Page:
There are plenty of places known for happy residents and a high quality of life. Finland, Austria, New Zealand and Canada constantly top the list of relaxed and pleasant places to live in lists compiled by companies such as Mercer, yet a bit closer to home, it was once claimed that Bournemouth was the happiest place in the UK. On the outset, it’s not hard to see why; its warmer climate and seaside location has earned it a lot of fans over the years.
However, there’s a lot more to Bournemouth than the simple ability to paddle on the beach in the sun; in fact, there’s plenty to celebrate – so much so that you could find yourself booking a break in the town in the coming months.
With just over 168,000 people living in the town, Bournemouth is the kind of place that will never feel overbearing, yet is somewhere that you can lose yourself and get the retreat you truly desire. While it’s quite far away from most people – on the coast of Dorset, next door to Devon and Somerset – it only bolsters its status as a hidden gem that’s not too overrun with tourists.
Bournemouth is primarily known for its long, sandy beaches while it has – alongside nearby Boscombe – a pier that has become the destination of choice for thousands of families heading to the area. As well as great views of the bay and nearby Isle of Wight, these piers offer a wide selection of attractions, entertainment options and retail outlets; concerts and theatre shows often grace its planks.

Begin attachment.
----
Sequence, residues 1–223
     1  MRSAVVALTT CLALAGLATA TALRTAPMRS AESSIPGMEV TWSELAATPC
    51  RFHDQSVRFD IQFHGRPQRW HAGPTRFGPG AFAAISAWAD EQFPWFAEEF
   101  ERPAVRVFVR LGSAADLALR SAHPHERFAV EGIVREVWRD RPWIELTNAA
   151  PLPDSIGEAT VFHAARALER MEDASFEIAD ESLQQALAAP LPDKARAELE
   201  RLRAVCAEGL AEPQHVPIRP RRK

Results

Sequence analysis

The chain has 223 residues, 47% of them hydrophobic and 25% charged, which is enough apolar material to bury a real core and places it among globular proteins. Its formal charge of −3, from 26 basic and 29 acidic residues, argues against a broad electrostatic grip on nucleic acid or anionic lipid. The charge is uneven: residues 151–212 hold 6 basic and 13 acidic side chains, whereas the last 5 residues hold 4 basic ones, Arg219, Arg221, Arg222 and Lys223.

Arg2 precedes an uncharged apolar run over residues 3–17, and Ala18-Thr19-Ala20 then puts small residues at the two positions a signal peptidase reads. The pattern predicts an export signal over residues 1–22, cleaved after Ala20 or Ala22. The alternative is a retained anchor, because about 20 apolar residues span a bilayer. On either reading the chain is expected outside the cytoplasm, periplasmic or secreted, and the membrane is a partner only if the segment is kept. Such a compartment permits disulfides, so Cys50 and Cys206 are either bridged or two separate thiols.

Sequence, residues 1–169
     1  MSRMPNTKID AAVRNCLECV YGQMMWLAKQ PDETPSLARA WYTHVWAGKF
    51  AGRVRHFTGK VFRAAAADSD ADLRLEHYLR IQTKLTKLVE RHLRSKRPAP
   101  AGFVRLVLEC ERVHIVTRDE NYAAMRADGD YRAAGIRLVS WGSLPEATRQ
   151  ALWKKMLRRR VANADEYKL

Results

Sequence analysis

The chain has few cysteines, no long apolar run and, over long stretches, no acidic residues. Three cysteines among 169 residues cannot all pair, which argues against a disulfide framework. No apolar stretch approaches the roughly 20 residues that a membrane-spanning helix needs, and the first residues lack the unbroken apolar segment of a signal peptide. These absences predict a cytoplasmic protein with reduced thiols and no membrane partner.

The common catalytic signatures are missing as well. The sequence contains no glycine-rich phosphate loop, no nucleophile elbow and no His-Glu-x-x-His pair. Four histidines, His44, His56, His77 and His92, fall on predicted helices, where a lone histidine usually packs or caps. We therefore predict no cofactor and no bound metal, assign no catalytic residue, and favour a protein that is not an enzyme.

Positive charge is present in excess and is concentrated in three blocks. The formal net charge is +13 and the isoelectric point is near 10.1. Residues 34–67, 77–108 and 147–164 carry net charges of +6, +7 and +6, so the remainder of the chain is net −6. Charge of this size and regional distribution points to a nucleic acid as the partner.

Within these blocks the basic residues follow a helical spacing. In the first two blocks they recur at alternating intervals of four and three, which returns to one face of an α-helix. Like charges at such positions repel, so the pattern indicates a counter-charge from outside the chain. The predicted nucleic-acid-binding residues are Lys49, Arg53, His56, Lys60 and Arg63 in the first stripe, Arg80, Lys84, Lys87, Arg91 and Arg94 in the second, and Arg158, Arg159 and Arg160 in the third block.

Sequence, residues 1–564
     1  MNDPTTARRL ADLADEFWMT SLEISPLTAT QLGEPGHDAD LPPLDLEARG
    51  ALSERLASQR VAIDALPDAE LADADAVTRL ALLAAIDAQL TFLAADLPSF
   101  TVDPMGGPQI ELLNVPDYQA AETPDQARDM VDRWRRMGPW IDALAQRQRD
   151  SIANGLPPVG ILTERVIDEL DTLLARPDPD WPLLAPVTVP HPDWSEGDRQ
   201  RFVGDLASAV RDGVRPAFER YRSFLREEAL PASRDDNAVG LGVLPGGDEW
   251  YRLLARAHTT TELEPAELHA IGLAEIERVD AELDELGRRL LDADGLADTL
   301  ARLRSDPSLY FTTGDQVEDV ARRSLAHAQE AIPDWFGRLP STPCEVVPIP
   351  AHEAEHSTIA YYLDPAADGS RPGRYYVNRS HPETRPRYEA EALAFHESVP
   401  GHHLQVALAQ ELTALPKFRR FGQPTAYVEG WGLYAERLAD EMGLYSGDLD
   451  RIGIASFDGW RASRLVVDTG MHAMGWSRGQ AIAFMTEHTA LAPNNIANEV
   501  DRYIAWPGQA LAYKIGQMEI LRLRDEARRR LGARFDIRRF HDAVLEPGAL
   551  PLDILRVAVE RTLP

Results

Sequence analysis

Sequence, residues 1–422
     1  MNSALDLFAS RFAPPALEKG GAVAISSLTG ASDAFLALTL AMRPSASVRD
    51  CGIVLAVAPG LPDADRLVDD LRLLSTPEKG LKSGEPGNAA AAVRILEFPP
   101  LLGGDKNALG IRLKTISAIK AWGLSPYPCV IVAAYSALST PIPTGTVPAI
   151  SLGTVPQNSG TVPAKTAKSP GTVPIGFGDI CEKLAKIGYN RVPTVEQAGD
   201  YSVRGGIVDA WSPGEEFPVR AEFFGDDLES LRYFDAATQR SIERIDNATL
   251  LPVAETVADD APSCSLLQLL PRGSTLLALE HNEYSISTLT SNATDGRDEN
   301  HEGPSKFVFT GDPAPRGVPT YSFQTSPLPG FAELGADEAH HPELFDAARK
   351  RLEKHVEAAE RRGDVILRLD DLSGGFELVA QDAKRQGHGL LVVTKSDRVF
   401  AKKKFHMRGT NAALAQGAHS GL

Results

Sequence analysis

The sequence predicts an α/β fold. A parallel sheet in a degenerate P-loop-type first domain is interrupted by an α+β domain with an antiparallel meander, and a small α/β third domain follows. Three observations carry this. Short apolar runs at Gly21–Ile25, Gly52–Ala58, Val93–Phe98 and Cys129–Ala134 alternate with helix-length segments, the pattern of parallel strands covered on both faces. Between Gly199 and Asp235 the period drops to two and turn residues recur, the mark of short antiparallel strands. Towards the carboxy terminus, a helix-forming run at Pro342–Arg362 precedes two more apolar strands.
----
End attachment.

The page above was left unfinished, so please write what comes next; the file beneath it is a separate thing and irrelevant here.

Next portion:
Shopping is not confined to impersonal and overpriced shopping centres in Bournemouth; instead, you’re presented with several primary shopping streets that linger just behind seafront houses and hotels, dotted on either side of the River Bourne. Footpaths attractively snake from the sea to the lower section of Bournemouth Central Gardens, where pedestrianised roads are lined with boutiques, shops and jewellers, alongside plenty of independent bars and cafés. Furthermore, the Westbourne district offers designer clothing and interior design shops, while Boscombe is home to countless antiques shops as well as a street market.
If festivals and events are your thing, Bournemouth is home to two major events; while they may not be your cup of tea, they’re fantastic times to experience the sights and sounds of the town when filled with revellers. There’s the gay pride festival known as Bourne Free, as well as the Bournemouth Air Festival over four days in August. The latter features the Red Arrows, as well as wing walkers, Lancaster Bombers, Hurricanes and Spitfires, as well as the last flying Vulcan – around one million people visit the town during this time.
History buffs may want to head to a number of places in and around Bournemouth; while the luscious Pleasure Gardens provide Victorian architecture and beautiful walkways, Corfe Castle – across Poole Harbour from the town – is one of the most stunning buildings in the surrounding region. Under the orders of Oliver Cromwell, Corfe was sacked for being one of the last royalist strongholds left in southern England. It still bears the scars of this siege, and in often eye-opening ways.
Finally, if you want to get the best view of the town, head across to the Bournemouth Eye. Unlike the London Eye, it’s not actually a wheel – it’s a helium-filled balloon attached to a steel cable. It suspends an enclosed gondola that is capable of carrying up to 30 people and rises to 390 ft (120 m) – the maximum height allowed by the Civil Aviation Authority.
So, what’s holding you back from a trip to the south coast? There’s all this, and more, to explore.